The BaBar experiment, which collected particle collision data from 1999 to 2008, was designed to explore various mysteries of particle physics, including why the universe contains matter, but no antimatter. The collaboration’s data helped confirm a matter-antimatter theory for which two researchers won the 2008 Nobel Prize in Physics.
Recently analyzed data from the BaBar experiment may suggest possible flaws in the Standard Model of particle physics, the reigning description of how the universe works on subatomic scales. The data from BaBar, a high-energy physics experiment based at the U.S. Department of Energy’s (DOE) SLAC National Accelerator Laboratory, show that a particular type of particle decay called “B to D-star-tau-nu” happens more often than the Standard Model says it should.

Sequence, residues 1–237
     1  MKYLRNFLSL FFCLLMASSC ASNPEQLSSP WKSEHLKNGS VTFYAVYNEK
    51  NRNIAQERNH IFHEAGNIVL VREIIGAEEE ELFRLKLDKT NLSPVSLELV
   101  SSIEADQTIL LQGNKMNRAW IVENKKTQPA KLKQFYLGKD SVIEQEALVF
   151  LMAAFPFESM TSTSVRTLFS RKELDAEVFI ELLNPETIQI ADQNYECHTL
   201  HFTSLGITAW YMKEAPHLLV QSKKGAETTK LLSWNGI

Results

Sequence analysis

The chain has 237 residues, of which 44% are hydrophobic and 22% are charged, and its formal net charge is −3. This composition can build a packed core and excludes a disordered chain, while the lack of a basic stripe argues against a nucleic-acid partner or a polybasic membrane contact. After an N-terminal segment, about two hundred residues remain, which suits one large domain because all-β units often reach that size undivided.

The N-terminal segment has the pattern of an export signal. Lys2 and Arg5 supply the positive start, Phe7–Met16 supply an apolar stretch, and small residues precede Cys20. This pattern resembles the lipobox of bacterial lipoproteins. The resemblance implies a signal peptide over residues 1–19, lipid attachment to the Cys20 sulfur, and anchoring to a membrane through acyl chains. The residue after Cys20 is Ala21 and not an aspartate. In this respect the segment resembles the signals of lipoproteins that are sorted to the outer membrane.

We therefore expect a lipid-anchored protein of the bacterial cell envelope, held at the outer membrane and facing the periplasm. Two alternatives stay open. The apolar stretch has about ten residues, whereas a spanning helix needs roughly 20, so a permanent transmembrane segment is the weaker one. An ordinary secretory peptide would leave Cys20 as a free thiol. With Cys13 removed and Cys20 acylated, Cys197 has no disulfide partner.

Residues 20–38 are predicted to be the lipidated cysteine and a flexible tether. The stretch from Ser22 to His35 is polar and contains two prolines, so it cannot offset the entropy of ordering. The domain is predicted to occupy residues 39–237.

In this type of decay, a particle called the B-bar meson decays into a D meson, an antineutrino and a tau lepton. While the level of certainty of the excess (3.4 sigma in statistical language) is not enough to claim a break from the Standard Model, the results are a potential sign of something amiss and are likely to impact existing theories, including those attempting to deduce the properties of Higgs bosons.